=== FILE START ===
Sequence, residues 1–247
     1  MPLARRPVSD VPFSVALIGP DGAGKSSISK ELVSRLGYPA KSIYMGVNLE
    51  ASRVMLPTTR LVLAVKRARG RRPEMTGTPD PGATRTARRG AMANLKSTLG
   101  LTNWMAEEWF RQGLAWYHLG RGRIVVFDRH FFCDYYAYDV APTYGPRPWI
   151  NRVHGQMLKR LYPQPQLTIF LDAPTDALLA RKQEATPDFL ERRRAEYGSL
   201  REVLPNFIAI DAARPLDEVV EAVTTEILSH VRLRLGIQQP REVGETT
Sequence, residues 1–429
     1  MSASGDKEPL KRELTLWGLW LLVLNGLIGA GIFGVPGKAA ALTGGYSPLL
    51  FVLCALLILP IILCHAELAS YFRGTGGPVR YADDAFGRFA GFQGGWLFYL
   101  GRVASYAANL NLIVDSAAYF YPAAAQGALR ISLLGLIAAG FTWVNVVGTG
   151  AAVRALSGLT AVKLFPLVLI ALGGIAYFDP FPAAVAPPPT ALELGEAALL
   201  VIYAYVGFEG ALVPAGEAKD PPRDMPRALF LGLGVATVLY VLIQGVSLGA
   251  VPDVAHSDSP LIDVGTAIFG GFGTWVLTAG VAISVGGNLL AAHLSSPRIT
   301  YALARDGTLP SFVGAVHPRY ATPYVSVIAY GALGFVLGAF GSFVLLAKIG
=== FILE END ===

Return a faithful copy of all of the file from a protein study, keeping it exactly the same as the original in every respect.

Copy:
Sequence, residues 1–247
     1  MPLARRPVSD VPFSVALIGP DGAGKSSISK ELVSRLGYPA KSIYMGVNLE
    51  ASRVMLPTTR LVLAVKRARG RRPEMTGTPD PGATRTARRG AMANLKSTLG
   101  LTNWMAEEWF RQGLAWYHLG RGRIVVFDRH FFCDYYAYDV APTYGPRPWI
   151  NRVHGQMLKR LYPQPQLTIF LDAPTDALLA RKQEATPDFL ERRRAEYGSL
   201  REVLPNFIAI DAARPLDEVV EAVTTEILSH VRLRLGIQQP REVGETT
Sequence, residues 1–429
     1  MSASGDKEPL KRELTLWGLW LLVLNGLIGA GIFGVPGKAA ALTGGYSPLL
    51  FVLCALLILP IILCHAELAS YFRGTGGPVR YADDAFGRFA GFQGGWLFYL
   101  GRVASYAANL NLIVDSAAYF YPAAAQGALR ISLLGLIAAG FTWVNVVGTG
   151  AAVRALSGLT AVKLFPLVLI ALGGIAYFDP FPAAVAPPPT ALELGEAALL
   201  VIYAYVGFEG ALVPAGEAKD PPRDMPRALF LGLGVATVLY VLIQGVSLGA
   251  VPDVAHSDSP LIDVGTAIFG GFGTWVLTAG VAISVGGNLL AAHLSSPRIT
   301  YALARDGTLP SFVGAVHPRY ATPYVSVIAY GALGFVLGAF GSFVLLAKIG